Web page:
It is important to be aware of the individual properties of the different intra-renal baskets available, and especially to understand the pros and cons of the preferred basket. It is to be noted that increasing the size of the basket corresponding to shaft diameter will significantly reduce irrigant flow [ 1 ].
Basket relocation of lower pole stone.
The stone has been identified in the lower pole, and urolithiassis grasped in a basket to prepare for relocation. The ureterorenoscope is manoeuvred out of the lower calyx towards the renal pelvis. The scope is advanced into the patient to the upper pole — the presence of the safety wire in the upper calyx can aid this both under endoscopic and fluoroscopic control.
The stone is then released from the basket, which is withdrawn from the scope, and replaced with an appropriate laser fibre for stone fragmentation. The stone has been successfully broken into small pieces. There urolithiasiss debate amongst surgeons whether to laser the stone to dust or fragment and retrieve intra-renal fragments, and sometimes hrolithiasis best results are achieved by a combination of the two techniques. The different laser settings and their effect on stone fragmentation have been highlighted in a recent publication [ 5 ].
Again, personal preference will dictate one’s practice. It is helpful to liaise with the anaesthetist to control the patient’s respiratory movement during stone fragmentation in the kidney. This will not only increase efficacy of lasertripsy but urolithiasjs reduce the risk of compromising the view from bleeding through increased accuracy of laser onto the stone as opposed to the urotheliumand both factors will help reduce the overall operating time as well.
When the laser fibre is inserted, ensure that the ureterorenoscope is straight in a non-deflected, neutral position — one of the advantages of having an additional wire in the kidney is maintaining a straight ureterorenoscope. Maintaining the scope straight as the laser fibre is passed reduces the risk of working channel damage, avoiding costly repairs. Reusable laser fibres can result in small microfractures, which then contribute to flexible ureterorenoscope damage.
The use of disposable laser fibres is increasing, urolithiaiss they have been shown to be cost-effective and reduce urollithiasis damage [ 6 ]. Vision is key to achieving good fragmentation and stone-free rates, particularly in the kidney. However, as noted above, it is important to note that larger access sheaths can potentially cause ureteric ischaemia and even direct ureteric trauma including perforation.
Simple hand held pump devices can be used and will help increase irrigant flow. They are best used irolithiasis as they transiently uropithiasis intra-renal pressure.
Blood will affect vision and may uropithiasis in a premature end to the procedure. With minor bleeding, increasing the irrigation for a few minutes may help improve the view. Aspiration of the collecting system may result in further bleeding; therefore, be patient and wait for the vision to improve.
Other factors that can affect the quality of vision include the focusing of optical scope, adjusting the brightness of light, correct white balancing and appropriate use of vision enhancement features on the stacking system.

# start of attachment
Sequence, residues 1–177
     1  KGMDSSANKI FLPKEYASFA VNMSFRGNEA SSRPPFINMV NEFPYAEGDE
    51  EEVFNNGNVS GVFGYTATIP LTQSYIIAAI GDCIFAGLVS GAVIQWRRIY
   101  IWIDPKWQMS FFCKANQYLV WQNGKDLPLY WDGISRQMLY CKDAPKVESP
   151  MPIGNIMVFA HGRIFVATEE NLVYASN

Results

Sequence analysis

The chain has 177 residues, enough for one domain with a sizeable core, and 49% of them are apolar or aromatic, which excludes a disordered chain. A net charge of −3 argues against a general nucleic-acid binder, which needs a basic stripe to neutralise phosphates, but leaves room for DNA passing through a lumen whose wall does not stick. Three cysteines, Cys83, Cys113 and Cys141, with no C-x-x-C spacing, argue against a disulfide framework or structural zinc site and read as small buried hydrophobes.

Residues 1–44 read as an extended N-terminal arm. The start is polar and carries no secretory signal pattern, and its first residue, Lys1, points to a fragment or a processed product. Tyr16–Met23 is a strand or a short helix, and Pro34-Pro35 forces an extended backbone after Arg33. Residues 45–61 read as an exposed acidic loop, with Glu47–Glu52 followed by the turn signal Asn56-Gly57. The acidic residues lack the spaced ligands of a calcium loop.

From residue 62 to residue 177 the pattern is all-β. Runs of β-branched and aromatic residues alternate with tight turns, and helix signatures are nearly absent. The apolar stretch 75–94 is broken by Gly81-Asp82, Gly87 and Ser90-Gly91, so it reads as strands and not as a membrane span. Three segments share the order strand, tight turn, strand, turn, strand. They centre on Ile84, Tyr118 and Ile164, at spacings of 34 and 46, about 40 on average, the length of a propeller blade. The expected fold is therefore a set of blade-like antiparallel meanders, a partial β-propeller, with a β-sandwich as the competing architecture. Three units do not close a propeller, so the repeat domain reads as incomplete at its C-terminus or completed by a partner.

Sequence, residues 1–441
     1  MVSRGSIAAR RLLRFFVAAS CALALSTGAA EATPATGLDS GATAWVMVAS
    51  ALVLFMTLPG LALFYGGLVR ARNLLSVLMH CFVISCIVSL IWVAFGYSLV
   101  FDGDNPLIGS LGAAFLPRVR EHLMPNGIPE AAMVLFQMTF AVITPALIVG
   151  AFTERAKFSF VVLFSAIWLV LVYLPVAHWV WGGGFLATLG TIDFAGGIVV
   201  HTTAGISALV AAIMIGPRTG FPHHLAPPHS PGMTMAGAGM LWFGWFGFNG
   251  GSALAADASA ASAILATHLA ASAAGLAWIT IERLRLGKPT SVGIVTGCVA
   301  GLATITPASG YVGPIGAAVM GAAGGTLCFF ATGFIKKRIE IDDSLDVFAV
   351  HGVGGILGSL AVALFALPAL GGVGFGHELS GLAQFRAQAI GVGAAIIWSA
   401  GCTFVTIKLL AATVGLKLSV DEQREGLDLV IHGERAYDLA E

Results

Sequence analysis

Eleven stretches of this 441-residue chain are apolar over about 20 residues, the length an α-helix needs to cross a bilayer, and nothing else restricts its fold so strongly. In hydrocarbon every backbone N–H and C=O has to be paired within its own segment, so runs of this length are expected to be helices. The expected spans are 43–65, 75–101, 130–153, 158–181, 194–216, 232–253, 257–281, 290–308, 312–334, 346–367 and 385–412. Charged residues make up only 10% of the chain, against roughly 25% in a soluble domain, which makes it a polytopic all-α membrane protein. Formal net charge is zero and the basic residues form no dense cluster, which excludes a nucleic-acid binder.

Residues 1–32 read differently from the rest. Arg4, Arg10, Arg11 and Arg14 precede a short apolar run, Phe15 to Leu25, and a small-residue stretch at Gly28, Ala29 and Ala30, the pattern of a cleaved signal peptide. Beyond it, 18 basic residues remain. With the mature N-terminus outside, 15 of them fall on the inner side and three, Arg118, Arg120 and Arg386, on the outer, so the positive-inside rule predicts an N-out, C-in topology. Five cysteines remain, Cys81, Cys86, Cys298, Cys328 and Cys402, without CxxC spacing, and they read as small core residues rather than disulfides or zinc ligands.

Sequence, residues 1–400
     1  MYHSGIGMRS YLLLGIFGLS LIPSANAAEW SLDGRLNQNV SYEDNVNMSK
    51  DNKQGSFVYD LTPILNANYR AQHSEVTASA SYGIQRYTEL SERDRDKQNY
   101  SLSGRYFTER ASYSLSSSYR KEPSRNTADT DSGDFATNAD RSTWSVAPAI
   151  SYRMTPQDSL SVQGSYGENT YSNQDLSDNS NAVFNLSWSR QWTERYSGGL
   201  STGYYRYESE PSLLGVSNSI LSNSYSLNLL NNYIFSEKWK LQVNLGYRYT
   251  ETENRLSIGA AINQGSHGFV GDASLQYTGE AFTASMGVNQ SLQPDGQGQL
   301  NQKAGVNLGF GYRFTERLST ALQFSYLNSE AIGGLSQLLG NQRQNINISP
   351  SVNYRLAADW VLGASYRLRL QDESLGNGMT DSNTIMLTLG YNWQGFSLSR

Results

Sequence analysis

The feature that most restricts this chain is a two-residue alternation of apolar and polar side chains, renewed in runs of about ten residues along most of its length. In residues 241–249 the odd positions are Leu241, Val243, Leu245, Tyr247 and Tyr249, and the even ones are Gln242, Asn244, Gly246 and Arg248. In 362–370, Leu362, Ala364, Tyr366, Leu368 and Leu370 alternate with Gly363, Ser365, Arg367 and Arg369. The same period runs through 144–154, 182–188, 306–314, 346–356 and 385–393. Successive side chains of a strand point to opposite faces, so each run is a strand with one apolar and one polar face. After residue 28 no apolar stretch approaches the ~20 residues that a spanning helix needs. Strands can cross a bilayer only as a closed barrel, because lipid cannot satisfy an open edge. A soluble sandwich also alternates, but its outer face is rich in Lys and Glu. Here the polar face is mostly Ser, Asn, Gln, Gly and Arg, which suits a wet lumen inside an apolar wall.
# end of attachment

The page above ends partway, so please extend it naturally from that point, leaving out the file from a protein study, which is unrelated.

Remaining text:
Correct adjustment of these factors aids vision and results in successfully completed procedures. In vitro assessment has shown improved image resolution and colour reproducibility without compromising depth of field, image distortion, grayscale imaging and ureteroscope deflection.
Whilst field of view may be reduced in some comparisons, this is counteracted by an increase in image size [ 7 ].
Improved optical characteristics translate to improved clinical outcomes with significant improvements in mean operative time, flexible ureterorenoscopy time and efficiency of stone fragmentation [ 89 ]. The placement mwkalah a ureteric stent, particularly in an emergency setting, such as relieving obstruction in an urolithiasls system, can be a daunting task.
Problems might arise with guide wire placement, but hopefully the tips discussed earlier will uroolithiasis this. When placing a stent it is useful to try and deploy the proximal coil especially multi-length stent in the upper calyx, thus enabling a smaller component of the stent in the bladder.
Of course, it is important not to leave the distal end too short! These can urolithiasia into the ureter and be tricky to reposition. Consider the use of a ureteric catheter or tethered stent if feasible, for short-term drainage.
One must always consider whether a stent is really needed, as they have associated morbidity. If considering leaving a stent, good preoperative counselling of the patient is vital.
Patients will need to be aware that they might have some pain or discomfort postoperatively. This will help reduce unnecessary readmissions for stent related symptoms.
Makalah Urolithiasis Documents –
When placing the stent, if one is having difficulty with buckling at the UO, bring the cystoscope closer to the UO and push slowly under vision. If the stent is not moving, use fluoroscopy to check the wire placement in the collecting system. Excess wire in the renal end can equally hamper progress. By pulling back the wire slightly under fluoroscopy monitoring the renal endthe stent mskalah then be advanced.
Do not forget to check that your assistant makalau maintaining adequate stiffness of the wire whilst the stent is being inserted.
In such cases, care must be taken to ensure the distal end of the stent is not pushed too high in the ureter. It is best to visualise and ensure its position in the bladder before sending the patient to recovery — if there is any doubt from the final fluoroscopic image, it is best to be sure by passing the cystoscope and having a look!
It is important to remember that bilateral ureteroscopy may result in bilateral stent insertion. Finally, regardless of the circumstances leading to stent placement, it is important to ensure that an appropriate postoperative plan is in place to track and remove the stent. Diagnostic ureterorenoscopy and biopsy has been recommended for cases of upper tract tumors [ 310 ].